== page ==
Ordinary citizens frequently organize around environmental issues on which little scientific evidence exists to back activists' claims. Should we then dismiss such claims as spurious? Or should we side with citizens against the polluters?Uncertain Hazards takes neither path. In exploring the all-too-common problem of scientific uncertainty about links between pollution and public health, Sylvia Noble Tesh shows that much of the problem can be traced to the newness of the environmental movement. The inability of scientists to find data corroborating citizens' claims stems partly from the "pre-environmentalist" assumptions still influencing the environmental health sciences, Tesh says. On the other hand, the conviction of activists that industrial pollutants threaten their health results from the environmental movement's success in promoting new ideas about nature. Tesh points to ways that environmentalist ideas have begun to affect science, thus making more likely the discovery of links between exposure to industrial pollutants and a community's health problems. Those ways include the expansion of diseases construed as environmental in cause, the study of society's most vulnerable citizens in determining safe levels of pollution, and a new focus on the effects of exposure to chemical mixtures.Using community activists' own words and experiences, Tesh argues against the familiar charge that activists are naive about science. It is inaccurate, she says, to characterize debates over the hazardous nature of pollution as debates between laypeople and experts Instead, they are debates between two groups of experts. It is also inaccurate, however, to see the conflict over environmental pollution only in scientific terms. The conflict has culturally important moral dimensions, and community activists draw heavily, although often unconsciously, on the lessons taught by environmentalism.
"They assess the effectiveness of the organizing tactics employed,
casting particular scrutiny on the courts as agents of social
change...The authors have presented concrete examples, all the
while making clear that there are no road maps for successful
"This is an important and unusual booka].It is an academic book
on an important issue
When Bill Clinton signed an Executive Order on Environmental Justice in 1994, the phenomenon of environmental racism--the disproportionate impact of environmental hazards, particularly toxic waste dumps and polluting factories, on people of color and low-income communities--gained unprecedented recognition. Behind the President's signature, however, lies a remarkable tale of grassroots activism and political mobilization. Today, thousands of activists in hundreds of locales are fighting for their children, their communities, their quality of life, and their health.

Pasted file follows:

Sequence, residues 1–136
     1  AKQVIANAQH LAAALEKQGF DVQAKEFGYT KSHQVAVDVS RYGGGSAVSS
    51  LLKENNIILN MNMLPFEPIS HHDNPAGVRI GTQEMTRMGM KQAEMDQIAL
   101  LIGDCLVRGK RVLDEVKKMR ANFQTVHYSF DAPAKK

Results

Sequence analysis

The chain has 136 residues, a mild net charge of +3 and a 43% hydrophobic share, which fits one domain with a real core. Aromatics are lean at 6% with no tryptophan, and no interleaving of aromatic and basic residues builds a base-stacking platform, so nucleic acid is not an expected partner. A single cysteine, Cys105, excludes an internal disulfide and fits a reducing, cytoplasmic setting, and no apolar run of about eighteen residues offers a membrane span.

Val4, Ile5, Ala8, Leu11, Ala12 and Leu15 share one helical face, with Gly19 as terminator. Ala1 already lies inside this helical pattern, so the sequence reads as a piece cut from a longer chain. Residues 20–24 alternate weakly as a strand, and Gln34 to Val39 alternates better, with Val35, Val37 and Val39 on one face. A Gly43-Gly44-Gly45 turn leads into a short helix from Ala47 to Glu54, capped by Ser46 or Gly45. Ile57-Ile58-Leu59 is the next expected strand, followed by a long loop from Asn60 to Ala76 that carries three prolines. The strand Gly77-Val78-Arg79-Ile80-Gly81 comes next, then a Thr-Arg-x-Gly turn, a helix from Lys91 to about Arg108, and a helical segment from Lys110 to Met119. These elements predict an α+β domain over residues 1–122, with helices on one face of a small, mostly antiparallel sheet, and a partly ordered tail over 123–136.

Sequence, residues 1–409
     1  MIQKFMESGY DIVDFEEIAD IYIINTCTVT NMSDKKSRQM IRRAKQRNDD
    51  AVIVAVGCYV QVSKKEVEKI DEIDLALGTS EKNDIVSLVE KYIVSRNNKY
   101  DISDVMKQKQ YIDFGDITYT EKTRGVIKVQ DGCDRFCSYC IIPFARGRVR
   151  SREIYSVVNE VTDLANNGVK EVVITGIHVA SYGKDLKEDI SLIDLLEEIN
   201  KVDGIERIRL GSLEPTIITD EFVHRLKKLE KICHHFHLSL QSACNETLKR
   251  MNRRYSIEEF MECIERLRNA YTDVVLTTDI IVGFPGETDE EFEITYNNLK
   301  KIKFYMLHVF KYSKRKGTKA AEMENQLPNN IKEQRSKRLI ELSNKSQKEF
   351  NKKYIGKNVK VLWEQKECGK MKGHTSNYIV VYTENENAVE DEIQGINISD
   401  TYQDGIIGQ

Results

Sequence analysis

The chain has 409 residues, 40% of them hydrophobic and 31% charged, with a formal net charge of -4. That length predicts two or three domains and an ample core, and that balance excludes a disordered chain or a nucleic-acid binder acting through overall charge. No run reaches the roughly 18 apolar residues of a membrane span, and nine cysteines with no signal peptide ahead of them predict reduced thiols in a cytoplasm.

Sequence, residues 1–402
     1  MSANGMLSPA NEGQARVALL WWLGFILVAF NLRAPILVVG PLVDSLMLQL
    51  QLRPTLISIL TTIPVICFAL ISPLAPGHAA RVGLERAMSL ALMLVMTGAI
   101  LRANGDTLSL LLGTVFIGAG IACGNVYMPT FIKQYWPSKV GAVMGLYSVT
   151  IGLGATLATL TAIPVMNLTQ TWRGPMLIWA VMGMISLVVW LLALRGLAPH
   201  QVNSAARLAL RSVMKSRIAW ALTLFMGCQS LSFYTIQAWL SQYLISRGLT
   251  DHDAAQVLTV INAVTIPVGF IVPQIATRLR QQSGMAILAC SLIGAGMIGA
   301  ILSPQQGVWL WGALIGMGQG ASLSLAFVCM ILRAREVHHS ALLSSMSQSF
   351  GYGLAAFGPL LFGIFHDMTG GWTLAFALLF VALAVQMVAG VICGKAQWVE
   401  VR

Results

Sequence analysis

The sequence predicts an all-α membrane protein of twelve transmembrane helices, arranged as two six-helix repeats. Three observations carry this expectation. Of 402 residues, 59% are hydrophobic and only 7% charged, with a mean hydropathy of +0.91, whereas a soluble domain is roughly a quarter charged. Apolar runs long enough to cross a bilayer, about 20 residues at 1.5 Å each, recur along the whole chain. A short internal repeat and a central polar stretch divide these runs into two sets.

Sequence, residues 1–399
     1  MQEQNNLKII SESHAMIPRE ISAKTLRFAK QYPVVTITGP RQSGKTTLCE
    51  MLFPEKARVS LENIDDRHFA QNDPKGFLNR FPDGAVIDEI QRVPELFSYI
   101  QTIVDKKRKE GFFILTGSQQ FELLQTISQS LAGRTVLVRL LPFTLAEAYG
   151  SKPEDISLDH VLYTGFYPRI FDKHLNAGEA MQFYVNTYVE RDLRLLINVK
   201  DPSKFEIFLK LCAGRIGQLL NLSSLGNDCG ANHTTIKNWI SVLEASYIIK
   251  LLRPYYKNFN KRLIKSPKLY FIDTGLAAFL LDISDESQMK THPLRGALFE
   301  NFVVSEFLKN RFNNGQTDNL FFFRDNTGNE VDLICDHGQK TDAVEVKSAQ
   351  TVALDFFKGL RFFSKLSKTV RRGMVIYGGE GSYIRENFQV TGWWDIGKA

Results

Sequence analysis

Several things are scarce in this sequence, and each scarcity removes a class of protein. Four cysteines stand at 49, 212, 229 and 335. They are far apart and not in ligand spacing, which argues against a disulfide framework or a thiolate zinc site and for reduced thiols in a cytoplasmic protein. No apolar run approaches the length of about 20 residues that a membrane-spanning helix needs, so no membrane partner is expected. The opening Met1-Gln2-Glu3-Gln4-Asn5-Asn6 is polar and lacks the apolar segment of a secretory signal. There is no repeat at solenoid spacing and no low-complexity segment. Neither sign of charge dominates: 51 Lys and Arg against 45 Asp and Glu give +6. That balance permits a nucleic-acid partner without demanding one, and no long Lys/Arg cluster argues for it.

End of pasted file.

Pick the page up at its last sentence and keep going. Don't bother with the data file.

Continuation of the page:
From the Ground Up critically examines one of the fastest growing social movements in the United States, the movement for environmental justice. Tracing the movement's roots, Luke Cole and Sheila Foster combine long-time activism with powerful storytelling to provide gripping case studies of communities across the U.S--towns like Kettleman City, California; Chester, Pennsylvania; and Dilkon, Arizona--and their struggles against corporate polluters. The authors effectively use social, economic and legal analysis to illustrate the historical and contemporary causes for environmental racism. Environmental justice struggles, theydemonstrate, transform individuals, communities, institutions and even the nation as a whole.
Disputes over hazardous waste sites usually are resolved by giving greater weight to expert opinion over public "not-in-my-back-yard" reactions. Challenging the assumption that policy experts are better able to discern the general welfare, Gregory E. McAvoy here proposes that citizen opinion and democratic dissent occupy a vital, constructive place in environmental policymaking.
McAvoy explores the issues of citizen rationality, the tension between democracy and technocracy, and the link between public opinion and policy in the case of an unsuccessful attempt to site a hazardous waste facility in Minnesota. He shows how the site was defeated by citizens who had reasonable doubts over the need for the facility.
Offering a comprehensive look at the policymaking process, McAvoy examines the motivations of public officials, the resources they have for shaping opinion, the influence of interest groups, and the evolution of waste reduction programs in Minnesota and other states. Integrating archival material, interviews, and quantitative survey data, he argues that NIMBY movements can bring miscalculations to light and provide an essential check on policy experts' often partisan views.
This book will be of value to those who work or study in the fields of hazardous waste policy, facility siting, environmental policy, public policy, public administration, and political science.